So the time has come for another GeekZenith List of Awesomeness and this list will be on a much-debated subject in which I have been thinking over for quite sometime – The Top 5 Comic Book Series of All Time.
Firstly, I should make the criteria for the selection process clear. This is the best Comic Book Series, not the best Graphic Novel’s of all time. What do I mean by this? I mean the obvious classics such as The Watchment, V for Vendetta or indeed The Dark Knight Strikes Back will not be considered (I am aware there was more than one of these books, but the restrictions still stand).
Secondly, I want to make it clear that some reading this might not necessarily agree with my list AND THAT’S OKAY. I encourage debate on this topic, so please, let your feelings on the matter be known in the comments section below this post.
Now, let’s get right on down to it.
It would be remiss of me not to mention some of the comic book runs that I just loved, but sadly didn’t make the final cut.
The Winning Top 5
And now, here’s the list:
Kick-Ass came along and pretty much kicked the ass out of my expectations of a comic book. The concept for the story was so new and fresh to me, it was hard to ignore. But that’s not the only reason it appealled. The violence and the cursing to this degree was also something that opened my eyes.
I think the story fit it well with the more realistic tendencies that comic books have been heading towards for some time and adapting the comic book dynamic to more mature audiences effortlessly.
4. The Boys
The Boys is Garth Ennis’ indictment of the standard superhero comic books, with a strong underlying story that has demonstrated diversity and consistency. In essence, this isn’t just a shot at super heroes (as perhaps The Pro was) that’s just a helpful by product of a well thoughtout concept of what superheroes might really be like if they ever existed.
Much like Kick Ass, The Boys takes violence to a whole new level (in fact it was so offensive that Wildstorm had to drop the title, but it as quickly picked up by Dynamite Entertainment) demonstrating the effects super human abilities might have on the average human (or indeed each other).
The Walking Dead is just a gorgeously written tale of survival in a zombie filled world. I’m not a huge horror fan by any means and that’s why I only really became aware of the comic book series last year, however, upon reading one volume of the comic book I was instantly hooked.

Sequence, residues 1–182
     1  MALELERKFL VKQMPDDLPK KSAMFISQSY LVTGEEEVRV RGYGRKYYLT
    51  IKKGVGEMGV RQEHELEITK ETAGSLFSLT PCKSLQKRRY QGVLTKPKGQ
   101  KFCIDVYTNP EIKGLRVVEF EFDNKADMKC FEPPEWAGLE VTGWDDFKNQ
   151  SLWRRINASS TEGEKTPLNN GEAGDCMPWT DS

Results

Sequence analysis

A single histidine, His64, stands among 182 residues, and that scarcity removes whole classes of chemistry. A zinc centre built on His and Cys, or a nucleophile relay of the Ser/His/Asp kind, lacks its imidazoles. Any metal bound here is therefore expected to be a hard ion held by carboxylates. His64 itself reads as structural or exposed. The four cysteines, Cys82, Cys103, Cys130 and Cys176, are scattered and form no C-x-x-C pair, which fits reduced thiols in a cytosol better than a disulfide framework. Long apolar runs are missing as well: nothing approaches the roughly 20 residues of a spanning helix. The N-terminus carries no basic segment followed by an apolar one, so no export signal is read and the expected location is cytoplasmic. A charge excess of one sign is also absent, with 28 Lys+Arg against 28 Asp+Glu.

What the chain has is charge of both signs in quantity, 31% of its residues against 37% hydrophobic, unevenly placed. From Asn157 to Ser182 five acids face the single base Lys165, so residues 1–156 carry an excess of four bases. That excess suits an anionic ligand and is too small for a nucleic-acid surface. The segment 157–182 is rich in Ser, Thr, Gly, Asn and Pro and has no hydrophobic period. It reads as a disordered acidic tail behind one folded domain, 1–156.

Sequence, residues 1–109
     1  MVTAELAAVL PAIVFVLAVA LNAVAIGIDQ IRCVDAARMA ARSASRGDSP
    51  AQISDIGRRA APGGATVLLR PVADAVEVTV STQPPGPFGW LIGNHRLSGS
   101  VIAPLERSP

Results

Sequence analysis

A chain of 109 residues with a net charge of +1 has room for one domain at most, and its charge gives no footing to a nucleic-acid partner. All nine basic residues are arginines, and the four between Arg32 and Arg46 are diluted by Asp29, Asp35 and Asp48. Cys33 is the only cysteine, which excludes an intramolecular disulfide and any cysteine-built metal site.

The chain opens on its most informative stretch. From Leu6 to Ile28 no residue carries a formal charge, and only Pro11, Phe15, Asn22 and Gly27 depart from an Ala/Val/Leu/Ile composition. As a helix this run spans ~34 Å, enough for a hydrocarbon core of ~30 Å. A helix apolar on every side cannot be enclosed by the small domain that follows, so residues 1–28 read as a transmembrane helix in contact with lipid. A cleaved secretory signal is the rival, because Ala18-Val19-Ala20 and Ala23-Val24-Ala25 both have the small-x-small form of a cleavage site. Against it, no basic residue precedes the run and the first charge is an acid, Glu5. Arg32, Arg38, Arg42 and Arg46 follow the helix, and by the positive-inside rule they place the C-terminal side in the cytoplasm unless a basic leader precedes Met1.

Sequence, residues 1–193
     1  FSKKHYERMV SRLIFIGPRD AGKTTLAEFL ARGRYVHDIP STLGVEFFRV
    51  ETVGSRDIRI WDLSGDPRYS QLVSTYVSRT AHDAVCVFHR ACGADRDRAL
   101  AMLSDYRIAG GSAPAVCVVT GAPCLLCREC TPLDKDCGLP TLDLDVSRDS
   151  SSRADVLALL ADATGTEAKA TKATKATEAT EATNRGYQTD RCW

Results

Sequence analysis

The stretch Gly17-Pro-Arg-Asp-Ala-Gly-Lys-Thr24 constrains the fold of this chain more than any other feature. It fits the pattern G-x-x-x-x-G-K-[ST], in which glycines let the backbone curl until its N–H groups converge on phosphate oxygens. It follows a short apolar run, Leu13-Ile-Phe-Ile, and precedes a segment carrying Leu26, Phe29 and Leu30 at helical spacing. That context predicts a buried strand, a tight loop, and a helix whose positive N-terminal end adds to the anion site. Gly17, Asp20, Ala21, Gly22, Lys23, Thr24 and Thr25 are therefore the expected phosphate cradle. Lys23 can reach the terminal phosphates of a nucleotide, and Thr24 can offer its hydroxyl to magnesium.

The comic book is just so readable with real people living in a surreal world. The sharp twists in storyline had an extra realism to the world the survivors find themselves in, with more and more main characters succumbing to their dangerous surroundings. The comic book also documents well the human condition under extreme circumstances and the lengths normal people will go to to survive.
Preacher was a compelling story of the somewhat supernatural and whilst I don’t necessarily believe in some of the concepts portrayed in the series, Ennis made it entirely engaging and entertaining. The series explored a number of farsical and disgusting topics, along with more extreme violence (I see a trend emerging here…) and entirely disturbing situations.
I think the main drawing point for this seires for me was the vast array of interesting characters the series portrayed in its time. From Jesse Custer to the Killer of Saints, Ennis opened my eyes to perfect characterisation and the true meaning of grit and baddassery.
Transmetropolitan was one of the first non-superhero comic books I ever read. At first I was dubious to even give it a chance, after all the concept of a politcal journalist protagonist, on face value, was exactly something that struck a chord with me or sufficiently grabbed my interest. However, I did give it a chance and it was one of the best decisions I ever made. Much to my shame, it was also my first knowing encounter with the work of the entirely fantastical Warren Ellis.
Transmetropolitan has it all; it’s unbearably funny when it wants to be, it’s sadistically cruel at the top of the hat and in places it can tag at the heart strings of even the hardened comic book geek. It also had a spectacular ending that left feeling satisfied, if a little saddened, that Spider Jeruselem’s journey is over.
The world Warren Ellis conjures and then explores is magical. It’s cyberpunk right down to the core which resonates well with me because before I was a comic book geek, I was just a plain old sci-fi geek. I love the whole feel of the series and love how the entire entire storyline plays out.
So there we have it. GeekZenith’s Top 5 Comic Book Series of all time…what say you? Like? Dislike? What’s on your list? Feel free to leave your thoughts and feelings in the comments below!
Check out these related posts of interest::